Ms Tan says: 'What you need in a baguette is something that is not too airy or dense. It should have a slightly chewy texture.'

The croissant from jones the grocer came up tops for its buttery fragrance and flaky layers.

Other croissant favourites include those from Maison Kayser, Paul Bakery, Pullman Bakery, Baker & Cook and Antoinette. The judges did not like the croissants from Werner's Oven and Freshly Baked as they left an unpleasant aftertaste.

With the humid climate in Singapore, artisan bakers are well aware that their bread's quality can deteriorate. Their products are best eaten immediately when bought, or at the most, within two days.

Well aware of this, the bakeries churn out small batches of bread each time and inform customers on proper bread storage.

At Paul Bakery, the baking starts at 4am to get ready for the breakfast crowd.

Mr Jean-Pierre Erba, Paul Bakery's chief executive officer for the Asia-Pacific and India regions, says: 'We don't want to leave products out for too long, so baking constantly will ensure the best quality.

'We have received feedback from customers that our baguettes can be hard, so we are trying to balance the dough levels to solve that.'

One of the oldest players in the bakery business is Cedele, which welcomes the new players to the market.

Says Cedele's owner Yeap Cheng Guat: 'When more players come in to do what we've been doing for 141/2 years, it is confirmation that this style of bread is a good trend and they can help raise consumers' awareness.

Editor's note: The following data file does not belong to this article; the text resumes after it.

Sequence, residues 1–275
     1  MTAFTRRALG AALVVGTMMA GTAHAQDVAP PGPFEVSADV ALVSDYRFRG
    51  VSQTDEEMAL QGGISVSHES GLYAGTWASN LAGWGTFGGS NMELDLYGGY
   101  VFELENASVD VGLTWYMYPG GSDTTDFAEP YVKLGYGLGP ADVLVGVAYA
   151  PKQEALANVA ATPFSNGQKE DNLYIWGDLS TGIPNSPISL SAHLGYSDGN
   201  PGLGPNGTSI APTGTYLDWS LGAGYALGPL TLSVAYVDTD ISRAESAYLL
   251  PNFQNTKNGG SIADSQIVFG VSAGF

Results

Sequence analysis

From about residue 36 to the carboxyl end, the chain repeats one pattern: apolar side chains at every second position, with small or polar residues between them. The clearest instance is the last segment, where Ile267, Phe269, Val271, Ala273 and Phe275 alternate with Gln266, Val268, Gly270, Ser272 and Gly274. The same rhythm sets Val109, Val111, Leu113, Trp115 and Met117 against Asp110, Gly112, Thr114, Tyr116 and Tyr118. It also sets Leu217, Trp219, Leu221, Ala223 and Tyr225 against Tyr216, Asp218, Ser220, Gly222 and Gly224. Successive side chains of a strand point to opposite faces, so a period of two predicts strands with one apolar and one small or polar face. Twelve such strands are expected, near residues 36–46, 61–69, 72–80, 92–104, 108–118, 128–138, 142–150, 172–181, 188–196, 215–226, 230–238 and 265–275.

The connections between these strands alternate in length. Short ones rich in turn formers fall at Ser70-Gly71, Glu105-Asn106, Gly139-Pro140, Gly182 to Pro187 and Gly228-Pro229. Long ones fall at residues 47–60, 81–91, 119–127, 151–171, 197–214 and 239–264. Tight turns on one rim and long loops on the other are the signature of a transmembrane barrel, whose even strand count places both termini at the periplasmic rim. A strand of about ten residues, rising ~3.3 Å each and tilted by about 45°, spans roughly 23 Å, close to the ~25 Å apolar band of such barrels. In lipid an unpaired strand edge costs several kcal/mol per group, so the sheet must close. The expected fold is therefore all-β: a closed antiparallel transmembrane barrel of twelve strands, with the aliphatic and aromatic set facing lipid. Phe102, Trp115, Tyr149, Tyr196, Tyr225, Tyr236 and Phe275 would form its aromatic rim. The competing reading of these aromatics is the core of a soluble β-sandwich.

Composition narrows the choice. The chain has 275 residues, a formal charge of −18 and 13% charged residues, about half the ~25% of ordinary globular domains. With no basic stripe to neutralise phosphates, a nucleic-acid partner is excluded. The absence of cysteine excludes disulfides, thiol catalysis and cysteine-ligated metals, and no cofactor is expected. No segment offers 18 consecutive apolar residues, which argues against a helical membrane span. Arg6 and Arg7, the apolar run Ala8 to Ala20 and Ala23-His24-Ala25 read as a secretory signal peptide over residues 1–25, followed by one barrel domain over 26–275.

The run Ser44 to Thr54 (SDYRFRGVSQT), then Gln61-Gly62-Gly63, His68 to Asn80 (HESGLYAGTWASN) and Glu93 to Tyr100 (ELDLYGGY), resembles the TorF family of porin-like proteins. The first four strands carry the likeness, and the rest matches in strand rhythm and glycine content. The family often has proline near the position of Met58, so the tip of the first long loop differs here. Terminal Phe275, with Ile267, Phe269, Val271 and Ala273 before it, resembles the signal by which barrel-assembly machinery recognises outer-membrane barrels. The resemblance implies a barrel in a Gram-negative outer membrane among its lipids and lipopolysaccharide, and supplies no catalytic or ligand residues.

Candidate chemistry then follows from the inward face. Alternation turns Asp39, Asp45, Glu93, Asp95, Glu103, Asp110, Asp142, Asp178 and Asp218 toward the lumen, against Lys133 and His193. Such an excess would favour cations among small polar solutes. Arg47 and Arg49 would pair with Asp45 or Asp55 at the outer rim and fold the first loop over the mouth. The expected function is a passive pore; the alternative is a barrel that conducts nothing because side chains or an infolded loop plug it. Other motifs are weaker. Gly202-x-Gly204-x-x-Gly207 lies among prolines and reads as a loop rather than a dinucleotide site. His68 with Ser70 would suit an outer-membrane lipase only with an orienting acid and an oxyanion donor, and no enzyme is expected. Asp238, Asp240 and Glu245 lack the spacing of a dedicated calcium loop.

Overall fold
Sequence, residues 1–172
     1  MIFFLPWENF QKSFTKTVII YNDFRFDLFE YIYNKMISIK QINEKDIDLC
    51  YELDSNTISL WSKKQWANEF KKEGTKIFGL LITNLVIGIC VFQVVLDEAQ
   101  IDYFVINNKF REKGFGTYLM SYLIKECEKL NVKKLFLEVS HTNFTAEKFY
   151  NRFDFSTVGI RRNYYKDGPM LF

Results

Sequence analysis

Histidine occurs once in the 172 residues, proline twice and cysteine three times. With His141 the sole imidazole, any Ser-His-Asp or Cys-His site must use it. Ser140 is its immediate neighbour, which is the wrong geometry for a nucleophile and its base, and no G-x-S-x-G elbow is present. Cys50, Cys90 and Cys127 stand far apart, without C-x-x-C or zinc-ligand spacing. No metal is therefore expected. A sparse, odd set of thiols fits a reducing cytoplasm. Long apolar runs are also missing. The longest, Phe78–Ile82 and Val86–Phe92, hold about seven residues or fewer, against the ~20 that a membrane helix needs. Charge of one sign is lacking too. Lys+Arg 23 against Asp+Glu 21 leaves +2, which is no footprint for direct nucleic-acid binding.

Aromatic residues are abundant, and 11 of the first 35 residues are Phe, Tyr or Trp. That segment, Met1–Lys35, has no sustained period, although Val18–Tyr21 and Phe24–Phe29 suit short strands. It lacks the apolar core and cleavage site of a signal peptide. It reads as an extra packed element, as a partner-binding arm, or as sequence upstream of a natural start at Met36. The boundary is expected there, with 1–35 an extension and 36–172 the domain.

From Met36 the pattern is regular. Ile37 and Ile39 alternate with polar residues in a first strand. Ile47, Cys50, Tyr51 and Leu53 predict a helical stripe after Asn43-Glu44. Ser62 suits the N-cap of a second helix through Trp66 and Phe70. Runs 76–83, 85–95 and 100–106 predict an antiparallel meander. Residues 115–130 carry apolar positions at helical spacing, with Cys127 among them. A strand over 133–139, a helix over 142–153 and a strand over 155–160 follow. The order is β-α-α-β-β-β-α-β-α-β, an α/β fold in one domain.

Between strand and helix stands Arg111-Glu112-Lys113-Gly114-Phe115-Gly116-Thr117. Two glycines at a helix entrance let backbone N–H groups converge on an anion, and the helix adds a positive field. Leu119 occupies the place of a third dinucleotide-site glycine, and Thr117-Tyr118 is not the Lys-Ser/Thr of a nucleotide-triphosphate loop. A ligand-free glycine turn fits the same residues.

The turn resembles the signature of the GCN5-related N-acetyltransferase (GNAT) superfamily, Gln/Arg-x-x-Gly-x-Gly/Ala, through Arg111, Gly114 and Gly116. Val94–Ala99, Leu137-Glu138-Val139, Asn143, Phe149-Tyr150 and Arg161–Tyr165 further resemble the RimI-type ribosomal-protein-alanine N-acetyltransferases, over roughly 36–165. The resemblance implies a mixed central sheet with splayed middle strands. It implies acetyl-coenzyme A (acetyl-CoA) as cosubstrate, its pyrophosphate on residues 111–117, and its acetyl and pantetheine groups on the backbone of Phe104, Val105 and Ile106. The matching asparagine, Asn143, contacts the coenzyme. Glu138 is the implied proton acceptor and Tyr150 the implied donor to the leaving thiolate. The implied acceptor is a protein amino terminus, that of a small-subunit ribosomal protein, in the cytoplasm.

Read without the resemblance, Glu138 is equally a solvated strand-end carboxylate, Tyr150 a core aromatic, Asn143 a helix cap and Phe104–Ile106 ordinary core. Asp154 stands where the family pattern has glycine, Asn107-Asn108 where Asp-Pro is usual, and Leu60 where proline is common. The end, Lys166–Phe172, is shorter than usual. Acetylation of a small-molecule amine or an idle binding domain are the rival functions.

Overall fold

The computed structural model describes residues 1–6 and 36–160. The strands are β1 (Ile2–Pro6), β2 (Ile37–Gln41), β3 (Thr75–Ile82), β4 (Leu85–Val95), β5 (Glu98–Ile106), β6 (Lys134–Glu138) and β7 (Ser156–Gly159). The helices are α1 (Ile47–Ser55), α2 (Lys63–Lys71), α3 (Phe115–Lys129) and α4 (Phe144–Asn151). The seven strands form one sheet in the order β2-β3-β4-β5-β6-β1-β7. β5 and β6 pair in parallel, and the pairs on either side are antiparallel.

'For artisan bread, the baker is like an artist and so consumer taste is subjective. Each brand will have its own following, and for Cedele, our niche is artisan bread with a health angle.'

Mr Saw says: 'Cedele has good choices but I hope it updates its range of breads. It would be interesting to see more outlets spring up and this will spur the local bakeries to improve their menus too.'

Indeed, the bakery scene still has room to rise.

Says Maison Kayser's director Shu Kimura: 'Compared to our other outlets overseas, Singapore is not there yet. So far in the Singapore outlet, we can sell 100 baguettes in a day on weekends. In Tokyo, we sell up to 300 baguettes any day in one outlet. France is totally different, each outlet can sell 7,000 baguettes a day.